Reaction Note: Chapter 9: Platform and Posture
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‘What am I designing for and how do I want my product to present itself to the user?’ That is the question the authors want designers to consider in Chapter 9. Cooper et al, define platforms as “the combination of hardware and software that enables the product to function, in terms of both the user interaction and the internal operations of the product” (161), while Posture is defined as a “behavioural stance – the way [the product] presents itself to users. Posture is a way of talking about how much attention a user will devote to interacting with the product, and how the product’s behaviours respond to the kind of attention a user will be devoting to it” (162).
The program’s posture is part of its behavioural foundation. Care should be taken to make sure that the “look and behaviour of a product [reflects] how the product is used and not the personal taste of its designer” (162). Although there are different design needs for different platforms, the following four categories of postures can be used to describe the different behavioural attributes:
- Sovereign: Programs that monopolises the user’s attention for periods of time such as Microsoft Word. Sovereign applications tend to be for intermediate user, must be generous with screen real estate, use minimal visual style such as accents of colour, and include rich visual feedback
- Transient: Products that users are not very familiar with because they do not stay on the screen for a long time. They must be simple, clear and to the point in their design (e.g. Window Explorer).
- Daemonic: Types of programs that although may perform vital tasks, they run in the background with little awareness or interaction from the user
Posture is not only limited to software but can also extend to the web. To illustrate the posture of Designing of the Web, the author divided web design into four categories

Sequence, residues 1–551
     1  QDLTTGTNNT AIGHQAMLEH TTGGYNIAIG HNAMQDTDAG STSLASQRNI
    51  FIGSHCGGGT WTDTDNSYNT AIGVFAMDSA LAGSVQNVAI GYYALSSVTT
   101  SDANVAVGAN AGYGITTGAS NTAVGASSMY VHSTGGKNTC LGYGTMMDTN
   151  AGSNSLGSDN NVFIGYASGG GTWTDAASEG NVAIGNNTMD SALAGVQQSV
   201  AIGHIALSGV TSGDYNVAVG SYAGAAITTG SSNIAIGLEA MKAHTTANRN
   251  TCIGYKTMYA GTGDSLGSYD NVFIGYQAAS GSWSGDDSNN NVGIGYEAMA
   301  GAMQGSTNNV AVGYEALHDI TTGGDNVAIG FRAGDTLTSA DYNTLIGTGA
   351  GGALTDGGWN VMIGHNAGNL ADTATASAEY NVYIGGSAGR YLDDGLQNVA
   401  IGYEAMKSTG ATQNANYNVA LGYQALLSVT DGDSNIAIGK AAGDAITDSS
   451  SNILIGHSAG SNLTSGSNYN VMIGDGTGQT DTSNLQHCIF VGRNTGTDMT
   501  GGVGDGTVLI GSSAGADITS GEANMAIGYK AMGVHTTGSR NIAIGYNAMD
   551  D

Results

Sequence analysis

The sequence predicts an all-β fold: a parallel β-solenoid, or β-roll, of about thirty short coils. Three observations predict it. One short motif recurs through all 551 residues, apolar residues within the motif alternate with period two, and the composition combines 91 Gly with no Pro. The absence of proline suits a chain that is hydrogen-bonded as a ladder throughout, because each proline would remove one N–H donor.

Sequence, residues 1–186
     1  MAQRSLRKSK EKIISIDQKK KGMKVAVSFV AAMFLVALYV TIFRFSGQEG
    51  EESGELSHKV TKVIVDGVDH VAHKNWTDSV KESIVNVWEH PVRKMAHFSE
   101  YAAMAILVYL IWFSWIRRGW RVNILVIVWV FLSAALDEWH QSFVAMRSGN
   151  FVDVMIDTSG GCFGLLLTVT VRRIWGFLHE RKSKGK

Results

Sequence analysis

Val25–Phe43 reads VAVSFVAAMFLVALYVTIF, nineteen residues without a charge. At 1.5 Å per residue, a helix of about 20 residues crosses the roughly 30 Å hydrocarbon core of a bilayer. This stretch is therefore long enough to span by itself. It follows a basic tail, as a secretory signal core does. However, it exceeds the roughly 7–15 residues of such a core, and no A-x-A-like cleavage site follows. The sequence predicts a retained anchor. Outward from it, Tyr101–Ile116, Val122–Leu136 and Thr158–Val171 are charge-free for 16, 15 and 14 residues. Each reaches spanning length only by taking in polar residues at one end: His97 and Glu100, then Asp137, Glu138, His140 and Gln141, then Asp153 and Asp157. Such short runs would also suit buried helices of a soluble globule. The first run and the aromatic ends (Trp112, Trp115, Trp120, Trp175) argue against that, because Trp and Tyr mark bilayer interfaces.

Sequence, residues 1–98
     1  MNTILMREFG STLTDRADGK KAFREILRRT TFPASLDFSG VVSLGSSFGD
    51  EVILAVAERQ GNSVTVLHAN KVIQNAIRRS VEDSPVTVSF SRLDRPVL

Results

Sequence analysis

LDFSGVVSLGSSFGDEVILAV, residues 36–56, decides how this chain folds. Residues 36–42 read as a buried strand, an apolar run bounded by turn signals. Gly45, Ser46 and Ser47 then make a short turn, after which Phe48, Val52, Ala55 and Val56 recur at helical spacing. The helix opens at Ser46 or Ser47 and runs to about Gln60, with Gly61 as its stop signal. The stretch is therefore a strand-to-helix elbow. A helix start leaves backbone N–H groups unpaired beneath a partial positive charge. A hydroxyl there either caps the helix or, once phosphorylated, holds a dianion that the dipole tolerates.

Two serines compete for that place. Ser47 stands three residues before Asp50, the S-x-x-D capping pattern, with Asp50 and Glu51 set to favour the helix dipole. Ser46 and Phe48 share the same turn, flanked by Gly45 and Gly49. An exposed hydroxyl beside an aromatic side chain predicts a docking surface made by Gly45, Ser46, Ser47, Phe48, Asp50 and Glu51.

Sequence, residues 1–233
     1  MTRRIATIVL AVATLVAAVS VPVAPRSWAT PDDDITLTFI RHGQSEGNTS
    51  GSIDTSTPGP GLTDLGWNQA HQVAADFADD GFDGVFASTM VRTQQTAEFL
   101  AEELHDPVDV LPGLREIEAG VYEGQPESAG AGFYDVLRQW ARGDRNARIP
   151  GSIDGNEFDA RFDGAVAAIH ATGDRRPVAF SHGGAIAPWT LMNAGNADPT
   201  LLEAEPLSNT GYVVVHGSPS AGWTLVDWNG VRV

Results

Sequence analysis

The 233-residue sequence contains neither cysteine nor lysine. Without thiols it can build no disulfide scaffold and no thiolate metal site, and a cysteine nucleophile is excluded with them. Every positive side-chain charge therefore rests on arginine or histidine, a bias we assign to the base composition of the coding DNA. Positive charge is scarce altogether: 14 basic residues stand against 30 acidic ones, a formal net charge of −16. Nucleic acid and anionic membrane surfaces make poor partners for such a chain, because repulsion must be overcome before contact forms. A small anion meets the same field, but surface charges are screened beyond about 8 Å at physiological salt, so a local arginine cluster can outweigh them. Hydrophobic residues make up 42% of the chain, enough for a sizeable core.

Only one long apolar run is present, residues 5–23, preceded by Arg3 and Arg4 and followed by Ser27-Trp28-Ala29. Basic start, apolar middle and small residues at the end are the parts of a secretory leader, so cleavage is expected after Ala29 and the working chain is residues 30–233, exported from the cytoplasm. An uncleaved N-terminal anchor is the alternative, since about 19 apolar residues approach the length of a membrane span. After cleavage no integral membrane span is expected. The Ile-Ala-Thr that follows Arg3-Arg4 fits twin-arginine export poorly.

- Informational Web Sites: whose posture must balance the need to display a reasonable density of useful information and the need to allow first time and infrequent users to learn and navigate the site easily
- Transactional Web sites: which must strike a balance between being sovereign and transient
- Web Application: which mimic desktop applications by exhibiting complex behaviours and being highly interactive. Their posture should allow the user to feel immersed in an environment with little navigation to distract from that experience
- Internet Enabled Application and Intranets are the last two categories that relate to web posture. The authors argues for a transformation from informational site to creating an experience through the use of RSS feeds, utilization of APIs and perhaps an abandonment of the use of web browsers all together.
The rise of mobile smart phones gives new challenges and opportunities to interaction designers and should be given new consideration. The software that run on a desktop computer or laptop have the luxury of being immersive because the user is mostly stationary. Handheld Devices, Kiosks, and other emended systems however are used differently and primarily by a mobile user. Therefore the following principles should be considered:
• Don’t think of your product as a computer
• Integrate your hardware and software design
• Let context drive the design
• Use modes judiciously, if at all
• Limit the scope
• Balance navigation with display density
• Customize for your platform
One of the questions that I was left with from reading the chapter was ‘is there a difference between an Interaction Designer and an Experience Designer?’ I think interaction designers must be driven by the desire to create experiences that the users can interact with and create designs that are unique to the platform.
Most web sites still serves as “informational Web Sites,” the taking of what is on paper and putting it online for mass access. Although that has its own virtue, it is not creating an experience that is unique to the web. The same seems to be occurring with regards to mobile devises that are being used simply to access the same information that one can access on a desktop computer. Thus seemingly serving the purpose of a mere mobile computer. There are few designs that are unique only to mobile devices such as smart phones. Rather than turning the mobile phone into a filler device for when one is away from the computer, it would be great if interactions and experiences can be created for just those devices.
The one disappointment that I found with the chapter is the little space accorded to mobile devices or the grouping that the authors labelled embedded systems. Most of the discussions on platforms and posture was centred on desktop and web applications/software.
Reference: Cooper, Reimann, & Cronin. (2007). About face 3: The essentials of Interaction Design. Wiley.